Woody Harrelson stars as “the most corrupt cop you’ve ever seen on screen” in writer/director Oren Moverman’s follow-up to The Messenger. Rampart was the original title of FX’s The Shield. The show and Rampart the movie traverse similar terrain. I think having seen and loved the show does affect how I view this movie.
Harrelson plays Dave “Date Rape” Brown. He’s a prick of a cop in late 90s Los Angeles. His nickname was earned for a vigilante act he may or may not have committed. When he’s not bending the rules to suit his idea of justice, he splits his time between a decrepit apartment, and two side-by-side houses where his ex-wives live with his two daughters. Things start to go sideways for Dave when he gets caught on tape going all Rodney King on some punk who crashed into his cruiser. The film tracks the fallout from Dave’s unfortunate moment under the microscope.
The incident leads Dave into more trouble as he acquires a mountain of legal fees, while the added scrutiny shines a light on past transgressions. The LAPD is already a hot bed of controversy due to other scandals, and Dave fears he is being set-up as the fall guy. The movie isn’t all that concerned with the story or the outcome of all these events. Instead, Rampart is squarely focused on this character. What makes him tick and how he responds to pressure? The film eventually becomes a reflection of his psyche, where story comprehension is trumped by character examination.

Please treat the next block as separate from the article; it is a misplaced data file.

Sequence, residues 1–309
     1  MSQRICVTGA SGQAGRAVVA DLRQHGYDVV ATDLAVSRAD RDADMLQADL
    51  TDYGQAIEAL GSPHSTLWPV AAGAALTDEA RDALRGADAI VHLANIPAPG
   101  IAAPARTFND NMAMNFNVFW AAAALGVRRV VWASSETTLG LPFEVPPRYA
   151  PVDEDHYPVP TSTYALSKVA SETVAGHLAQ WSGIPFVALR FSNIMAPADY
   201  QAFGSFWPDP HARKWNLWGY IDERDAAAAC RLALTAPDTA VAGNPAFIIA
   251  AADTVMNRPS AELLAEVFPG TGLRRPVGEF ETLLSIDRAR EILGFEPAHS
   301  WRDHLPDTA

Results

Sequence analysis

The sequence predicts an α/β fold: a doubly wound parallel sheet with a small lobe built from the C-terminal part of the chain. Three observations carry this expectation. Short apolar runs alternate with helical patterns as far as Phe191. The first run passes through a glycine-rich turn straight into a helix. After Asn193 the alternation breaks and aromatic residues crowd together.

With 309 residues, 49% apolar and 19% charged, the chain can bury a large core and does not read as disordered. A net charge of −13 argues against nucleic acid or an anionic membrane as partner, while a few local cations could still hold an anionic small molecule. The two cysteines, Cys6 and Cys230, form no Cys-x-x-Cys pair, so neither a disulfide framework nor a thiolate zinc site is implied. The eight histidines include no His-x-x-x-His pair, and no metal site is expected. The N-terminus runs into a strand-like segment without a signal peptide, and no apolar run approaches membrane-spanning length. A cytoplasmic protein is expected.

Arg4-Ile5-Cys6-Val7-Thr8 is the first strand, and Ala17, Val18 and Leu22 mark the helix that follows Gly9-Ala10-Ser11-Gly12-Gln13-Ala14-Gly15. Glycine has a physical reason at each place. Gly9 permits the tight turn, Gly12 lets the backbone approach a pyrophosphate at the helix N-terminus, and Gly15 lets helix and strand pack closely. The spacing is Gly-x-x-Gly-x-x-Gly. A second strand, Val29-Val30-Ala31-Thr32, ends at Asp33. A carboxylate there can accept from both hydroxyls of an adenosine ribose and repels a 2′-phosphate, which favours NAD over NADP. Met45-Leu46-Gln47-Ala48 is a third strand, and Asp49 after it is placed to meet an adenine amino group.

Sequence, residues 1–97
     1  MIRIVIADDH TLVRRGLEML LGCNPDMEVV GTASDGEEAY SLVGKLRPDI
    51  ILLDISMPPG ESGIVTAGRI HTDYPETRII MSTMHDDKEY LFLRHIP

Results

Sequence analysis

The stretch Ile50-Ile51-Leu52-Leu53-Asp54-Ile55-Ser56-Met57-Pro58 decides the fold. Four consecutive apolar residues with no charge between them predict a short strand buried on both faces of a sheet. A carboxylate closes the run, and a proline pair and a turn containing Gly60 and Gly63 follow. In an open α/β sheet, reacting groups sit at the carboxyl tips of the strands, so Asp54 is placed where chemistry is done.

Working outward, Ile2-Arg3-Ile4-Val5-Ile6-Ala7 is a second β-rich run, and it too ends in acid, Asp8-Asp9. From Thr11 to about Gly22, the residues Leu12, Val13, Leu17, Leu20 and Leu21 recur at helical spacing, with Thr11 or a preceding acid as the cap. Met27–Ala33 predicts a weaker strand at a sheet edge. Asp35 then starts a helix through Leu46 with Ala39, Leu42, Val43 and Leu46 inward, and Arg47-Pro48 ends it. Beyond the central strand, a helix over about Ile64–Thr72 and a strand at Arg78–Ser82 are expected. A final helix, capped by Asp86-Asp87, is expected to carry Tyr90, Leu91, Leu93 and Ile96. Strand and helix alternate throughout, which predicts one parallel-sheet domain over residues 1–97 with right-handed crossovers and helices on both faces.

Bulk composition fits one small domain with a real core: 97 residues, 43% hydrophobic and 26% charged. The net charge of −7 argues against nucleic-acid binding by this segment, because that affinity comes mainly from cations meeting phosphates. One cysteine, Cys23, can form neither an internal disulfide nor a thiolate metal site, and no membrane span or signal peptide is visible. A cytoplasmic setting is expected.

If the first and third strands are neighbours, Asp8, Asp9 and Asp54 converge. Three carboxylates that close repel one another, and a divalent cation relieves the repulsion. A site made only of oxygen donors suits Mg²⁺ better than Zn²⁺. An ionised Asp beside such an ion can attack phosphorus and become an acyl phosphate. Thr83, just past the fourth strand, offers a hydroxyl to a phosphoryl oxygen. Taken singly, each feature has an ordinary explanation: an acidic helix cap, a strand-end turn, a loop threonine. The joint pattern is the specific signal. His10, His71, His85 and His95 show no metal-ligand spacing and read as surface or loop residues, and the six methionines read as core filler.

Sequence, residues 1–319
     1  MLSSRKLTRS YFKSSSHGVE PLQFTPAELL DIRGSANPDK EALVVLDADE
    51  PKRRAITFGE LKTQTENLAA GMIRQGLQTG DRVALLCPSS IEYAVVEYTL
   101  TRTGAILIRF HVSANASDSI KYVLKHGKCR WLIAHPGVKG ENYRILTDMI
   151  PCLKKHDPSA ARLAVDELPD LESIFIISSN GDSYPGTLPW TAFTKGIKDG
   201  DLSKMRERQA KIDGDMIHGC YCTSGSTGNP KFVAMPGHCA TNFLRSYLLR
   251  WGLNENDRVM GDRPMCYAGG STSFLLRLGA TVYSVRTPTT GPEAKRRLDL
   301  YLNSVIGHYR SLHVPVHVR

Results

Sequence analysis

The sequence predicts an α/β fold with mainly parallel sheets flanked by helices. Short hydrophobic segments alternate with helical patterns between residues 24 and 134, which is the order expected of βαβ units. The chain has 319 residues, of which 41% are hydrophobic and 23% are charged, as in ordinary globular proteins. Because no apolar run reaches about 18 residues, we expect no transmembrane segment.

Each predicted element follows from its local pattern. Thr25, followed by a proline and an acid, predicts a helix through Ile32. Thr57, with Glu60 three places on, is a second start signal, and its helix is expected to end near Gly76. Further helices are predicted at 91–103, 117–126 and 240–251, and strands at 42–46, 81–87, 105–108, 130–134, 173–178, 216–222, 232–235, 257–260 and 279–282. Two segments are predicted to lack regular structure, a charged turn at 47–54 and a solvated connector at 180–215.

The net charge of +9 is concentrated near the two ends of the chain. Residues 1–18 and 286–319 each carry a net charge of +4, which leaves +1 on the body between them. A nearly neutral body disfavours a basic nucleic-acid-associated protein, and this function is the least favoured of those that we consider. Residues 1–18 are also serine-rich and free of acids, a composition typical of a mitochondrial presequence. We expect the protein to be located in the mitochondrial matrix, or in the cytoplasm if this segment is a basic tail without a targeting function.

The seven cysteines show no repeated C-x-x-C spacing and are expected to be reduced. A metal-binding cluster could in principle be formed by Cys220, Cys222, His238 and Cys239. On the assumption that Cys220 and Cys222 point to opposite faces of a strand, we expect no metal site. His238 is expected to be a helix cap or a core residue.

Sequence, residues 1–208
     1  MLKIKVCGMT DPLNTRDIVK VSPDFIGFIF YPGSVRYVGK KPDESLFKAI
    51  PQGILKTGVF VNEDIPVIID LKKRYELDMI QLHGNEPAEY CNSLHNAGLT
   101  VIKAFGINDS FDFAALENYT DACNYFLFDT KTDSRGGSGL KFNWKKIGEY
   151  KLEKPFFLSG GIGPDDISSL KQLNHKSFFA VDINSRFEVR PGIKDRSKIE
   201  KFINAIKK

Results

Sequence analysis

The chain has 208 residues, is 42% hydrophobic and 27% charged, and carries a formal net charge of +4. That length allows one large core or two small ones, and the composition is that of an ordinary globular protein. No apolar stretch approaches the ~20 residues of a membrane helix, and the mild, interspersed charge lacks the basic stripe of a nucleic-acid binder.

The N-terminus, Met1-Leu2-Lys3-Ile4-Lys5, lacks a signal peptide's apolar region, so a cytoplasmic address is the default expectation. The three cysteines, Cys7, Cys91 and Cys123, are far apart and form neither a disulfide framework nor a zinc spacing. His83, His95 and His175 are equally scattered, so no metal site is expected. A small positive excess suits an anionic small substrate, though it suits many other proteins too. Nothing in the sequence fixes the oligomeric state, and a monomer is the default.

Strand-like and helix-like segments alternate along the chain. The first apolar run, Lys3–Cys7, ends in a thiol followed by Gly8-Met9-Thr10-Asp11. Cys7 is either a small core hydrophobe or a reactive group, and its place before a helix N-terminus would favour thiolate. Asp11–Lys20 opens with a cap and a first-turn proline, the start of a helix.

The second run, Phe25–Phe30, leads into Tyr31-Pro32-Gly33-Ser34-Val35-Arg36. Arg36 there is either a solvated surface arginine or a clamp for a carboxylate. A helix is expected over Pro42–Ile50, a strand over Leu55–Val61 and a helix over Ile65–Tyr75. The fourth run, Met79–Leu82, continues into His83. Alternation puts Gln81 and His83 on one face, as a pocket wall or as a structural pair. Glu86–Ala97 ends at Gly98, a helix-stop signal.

I’m all for a good character study, but this film becomes internal to an annoying degree. It gets to a point where I couldn’t tell if Dave was crazy, crazy smart, paranoid, smarter than everyone, or dumber than he looks. Part of this is intentional on the filmmaker’s part, but that doesn’t mean it worked. It was too much of a character sketch and not enough cop stuff. I mentioned The Shield earlier for a reason. That show knew just how to balance solving cases with rich character moments, where one informed the other. Of course, the show had many episodes to play with, but I think the point is valid. There’s a way to tell this story without being conventional and without losing sight of the plot.
Harrelson is great in the lead role. He’s channeling the same magnetism and menace he brought to Natural Born Killers and The People vs. Larry Flynt. Even when the film was uninteresting, which would be any scene involving his home life, Harrelson holds your attention. The most powerful scene is Dave’s quasi-confession to his daughters, and all of his shame and anguish is writ large on Harrelson’s face. It’s a great moment, but it doesn’t make up for the rest of the film’s decisions. They didn’t make a poor film; they simply didn’t balance to my preferences.